Sand and Soaps

Oh how our world has changed. Technology and the media have brought everything to our fingertips. Any time. Any place. Not like my student days when life ground to a halt at 8pm every Tuesday evening.

Yes, folks, that was when Dallas was screened on South African television. Cinemas did little business, restaurants were typically quiet on a Tuesday night, and the TV lounge in my university hall of residence was packed to overflowing with students eager to keep up to date with the goings-on in that Ewing family. Those were the days before VCRs, iPlayers, PVRs, TVOs, SkyPlus and the Internet. We watched on Tuesday nights or bust.

Although I cringe ever so slightly at the thought of it now, it was something we all did in those days. Unapologetically. It wasn’t particularly cool to watch Dallas. But it wasn’t uncool either. We just watched.

Over an Easter weekend at the beginning of my second year, a bunch of us decided to go on a camping trip.  We packed up the VW Golf and the VW Beetle and headed off along the Garden Route to a beautiful little seaside spot at the mouth of the Breede River, called Witsand.

We arrived at the campsite, set up the sound system and then pitched the tent to the sounds of Genesis’ Ripples. Two girls and four guys. We girls decided to unpack the VW Beetle and were watched by our male companions as we opened what we thought was the boot of the Beetle, only to find an engine staring us in the face. We weren’t to live that one down all weekend.

The weekend also turned out to be a hugely significant one for me, as it marked the start of a lifelong relationship with my best friend in the whole world. We laugh today when we think how coy we were to cross the line from best friends to being together, and how unsure we were of the cues.

My now husband looked up at the sky one evening and said to me, “It’s such a beautiful evening. Let’s go for a walk on the beach.”

I thought it was such a fabulous idea, I rallied everyone together and we all went and enjoyed the moonlit walk. I didn’t notice the muttering disappointment of my dear friend …

The weekend was punctuated with riotous laughter and a whole bunch of memories that we carry around with us today. If we six were to be in a room together right now, we would recount the events of that weekend as if they happened yesterday.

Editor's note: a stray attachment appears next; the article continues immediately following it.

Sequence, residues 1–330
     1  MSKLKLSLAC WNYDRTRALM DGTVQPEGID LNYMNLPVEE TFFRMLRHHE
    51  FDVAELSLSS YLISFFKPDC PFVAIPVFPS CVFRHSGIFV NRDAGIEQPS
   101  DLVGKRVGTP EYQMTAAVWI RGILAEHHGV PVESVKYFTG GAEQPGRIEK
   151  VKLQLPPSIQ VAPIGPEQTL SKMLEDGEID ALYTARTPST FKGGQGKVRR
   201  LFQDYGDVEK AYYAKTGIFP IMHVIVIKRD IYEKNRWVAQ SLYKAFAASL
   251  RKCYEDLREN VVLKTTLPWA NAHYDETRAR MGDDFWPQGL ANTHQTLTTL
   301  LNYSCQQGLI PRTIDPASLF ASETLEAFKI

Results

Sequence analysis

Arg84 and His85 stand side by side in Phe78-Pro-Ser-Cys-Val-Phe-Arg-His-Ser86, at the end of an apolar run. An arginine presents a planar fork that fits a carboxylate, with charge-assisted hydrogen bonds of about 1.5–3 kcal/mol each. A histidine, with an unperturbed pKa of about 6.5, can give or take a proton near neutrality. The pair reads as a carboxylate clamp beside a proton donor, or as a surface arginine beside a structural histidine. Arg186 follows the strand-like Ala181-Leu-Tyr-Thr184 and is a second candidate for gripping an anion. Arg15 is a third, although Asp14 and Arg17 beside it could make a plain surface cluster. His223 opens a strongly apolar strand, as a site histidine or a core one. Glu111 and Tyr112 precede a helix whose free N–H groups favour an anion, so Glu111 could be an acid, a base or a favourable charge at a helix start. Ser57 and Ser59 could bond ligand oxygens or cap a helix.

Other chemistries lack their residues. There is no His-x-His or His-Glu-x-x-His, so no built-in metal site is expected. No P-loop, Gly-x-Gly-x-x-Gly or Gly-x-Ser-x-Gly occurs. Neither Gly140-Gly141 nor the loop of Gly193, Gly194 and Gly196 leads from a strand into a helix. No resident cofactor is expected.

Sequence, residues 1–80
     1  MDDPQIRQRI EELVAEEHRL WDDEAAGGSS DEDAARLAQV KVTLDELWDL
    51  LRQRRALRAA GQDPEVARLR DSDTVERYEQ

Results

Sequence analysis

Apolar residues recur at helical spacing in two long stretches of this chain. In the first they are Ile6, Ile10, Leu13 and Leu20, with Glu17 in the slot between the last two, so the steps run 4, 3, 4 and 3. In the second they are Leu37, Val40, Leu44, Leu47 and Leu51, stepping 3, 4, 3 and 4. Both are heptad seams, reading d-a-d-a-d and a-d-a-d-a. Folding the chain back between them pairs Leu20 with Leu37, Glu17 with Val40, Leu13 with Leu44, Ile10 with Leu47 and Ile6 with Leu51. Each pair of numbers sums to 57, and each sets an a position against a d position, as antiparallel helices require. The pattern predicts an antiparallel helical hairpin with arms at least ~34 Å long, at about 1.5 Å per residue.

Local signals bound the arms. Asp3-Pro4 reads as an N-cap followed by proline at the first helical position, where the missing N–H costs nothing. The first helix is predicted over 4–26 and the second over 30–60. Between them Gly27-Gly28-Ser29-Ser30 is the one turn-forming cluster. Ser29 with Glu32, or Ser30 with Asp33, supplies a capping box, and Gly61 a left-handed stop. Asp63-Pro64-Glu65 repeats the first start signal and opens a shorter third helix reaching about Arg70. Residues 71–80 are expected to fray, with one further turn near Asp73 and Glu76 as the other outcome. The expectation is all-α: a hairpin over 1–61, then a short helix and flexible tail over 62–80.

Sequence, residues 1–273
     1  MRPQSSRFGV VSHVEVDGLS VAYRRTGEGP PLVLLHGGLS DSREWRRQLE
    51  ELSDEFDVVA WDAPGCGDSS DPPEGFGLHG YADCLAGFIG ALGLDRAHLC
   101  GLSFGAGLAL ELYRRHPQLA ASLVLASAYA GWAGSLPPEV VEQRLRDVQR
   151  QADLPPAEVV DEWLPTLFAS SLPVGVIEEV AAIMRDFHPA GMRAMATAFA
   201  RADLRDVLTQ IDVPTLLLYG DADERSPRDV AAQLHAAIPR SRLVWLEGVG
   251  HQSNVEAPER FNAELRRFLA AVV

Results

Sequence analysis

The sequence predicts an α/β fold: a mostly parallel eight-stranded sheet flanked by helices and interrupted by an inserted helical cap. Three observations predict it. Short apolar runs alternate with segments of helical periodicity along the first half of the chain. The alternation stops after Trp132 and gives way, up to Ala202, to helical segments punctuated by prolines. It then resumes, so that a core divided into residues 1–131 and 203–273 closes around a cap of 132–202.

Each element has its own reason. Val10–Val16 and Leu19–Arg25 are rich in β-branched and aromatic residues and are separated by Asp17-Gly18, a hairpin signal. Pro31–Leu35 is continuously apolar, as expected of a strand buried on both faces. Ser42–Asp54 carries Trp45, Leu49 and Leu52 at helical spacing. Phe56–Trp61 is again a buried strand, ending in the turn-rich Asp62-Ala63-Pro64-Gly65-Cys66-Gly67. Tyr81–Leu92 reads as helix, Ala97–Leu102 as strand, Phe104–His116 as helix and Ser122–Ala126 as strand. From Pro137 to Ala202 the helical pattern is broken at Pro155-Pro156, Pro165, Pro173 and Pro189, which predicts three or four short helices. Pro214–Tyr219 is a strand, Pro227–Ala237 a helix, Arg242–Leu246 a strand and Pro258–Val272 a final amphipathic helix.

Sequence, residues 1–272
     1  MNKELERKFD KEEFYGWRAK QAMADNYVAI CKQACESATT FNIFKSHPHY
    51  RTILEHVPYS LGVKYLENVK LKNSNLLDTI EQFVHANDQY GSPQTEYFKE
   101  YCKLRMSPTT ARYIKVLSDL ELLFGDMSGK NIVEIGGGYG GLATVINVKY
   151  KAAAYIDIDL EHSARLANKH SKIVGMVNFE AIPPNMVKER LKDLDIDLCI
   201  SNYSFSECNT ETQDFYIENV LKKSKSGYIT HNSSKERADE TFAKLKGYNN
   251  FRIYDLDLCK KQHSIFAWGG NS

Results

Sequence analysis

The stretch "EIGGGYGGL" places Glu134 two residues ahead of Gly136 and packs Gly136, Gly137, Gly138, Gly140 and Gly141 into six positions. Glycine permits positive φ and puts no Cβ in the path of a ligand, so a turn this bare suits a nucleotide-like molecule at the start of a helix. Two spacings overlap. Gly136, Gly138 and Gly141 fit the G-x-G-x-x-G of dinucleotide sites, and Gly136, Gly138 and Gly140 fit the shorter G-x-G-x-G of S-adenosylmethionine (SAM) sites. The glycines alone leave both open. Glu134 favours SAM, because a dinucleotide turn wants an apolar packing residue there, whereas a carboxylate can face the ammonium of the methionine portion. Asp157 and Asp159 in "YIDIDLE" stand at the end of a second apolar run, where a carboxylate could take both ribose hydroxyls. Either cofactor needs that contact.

As the weekend progressed, we all realised we would be away from TV and Tuesday’s screening of Dallas. We happened to walk past the campsite manager’s house one evening, and saw that he had a television. No flies on us, we knocked on his door and asked if we could all come and watch Dallas with them on Tuesday night. Slightly taken aback, he agreed. We all high-fived and felt so chuffed that we wouldn’t miss our programme. Heck, we were students.

At about 7.45pm on Tuesday evening, we went to the campsite manager’s house, knocked on the door and trooped into his small and humble abode. His wife, whose first language was not English, greeted us shyly and showed us where we could sit. We overflowed from their meagre supply of furniture, and most of us sat on the floor. Cool.

The eight of us sat, rapt, through the hour-long episode. At the end of the programme, our host offered us coffee. The polite thing would have been for us to decline graciously, to thank our hosts and to beat a gentle retreat from their home. But nooooo, we were students and we jumped at the offer.  Our hostess sat shyly in her seat as her husband went to the kitchen to make a truckload of coffee.

We commented on the photos pasted on the walls. They were of their many sons and she told us, in broken and stilted English, where her sons were and what they were doing. Not only did language separate us, but she was a whole generation older than we were and we soon ran out of conversation.

After an awkward silence, she ventured this to us: “I’ve read somewhere, I fink it’s in the Huisgenoot, that JR, in his own home, is really quite a nice man.”

[Huisgenoot, the House Companion, is a weekly Afrikaans-language general interest/gossip magazine.]

We all nodded in agreement, gulped down our coffee, and, as soon as our cups were cold, politely thanked them and excused ourselves. How kind and generous of them to share their home, their coffee, Dallas and their insights with us. But really – didn’t we just have a huge nerve to do that? I still feel my cheeks burn ever so slightly when I think of that evening …

Sunshine signing off for today.